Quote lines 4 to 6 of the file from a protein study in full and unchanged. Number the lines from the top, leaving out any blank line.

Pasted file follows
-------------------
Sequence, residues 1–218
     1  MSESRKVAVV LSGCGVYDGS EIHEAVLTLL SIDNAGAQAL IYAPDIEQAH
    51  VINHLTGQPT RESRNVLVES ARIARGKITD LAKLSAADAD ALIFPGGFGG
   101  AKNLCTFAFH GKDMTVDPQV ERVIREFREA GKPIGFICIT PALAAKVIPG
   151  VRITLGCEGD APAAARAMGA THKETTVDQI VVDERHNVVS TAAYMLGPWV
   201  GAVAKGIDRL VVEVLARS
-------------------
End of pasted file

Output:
   101  AKNLCTFAFH GKDMTVDPQV ERVIREFREA GKPIGFICIT PALAAKVIPG
   151  VRITLGCEGD APAAARAMGA THKETTVDQI VVDERHNVVS TAAYMLGPWV
   201  GAVAKGIDRL VVEVLARS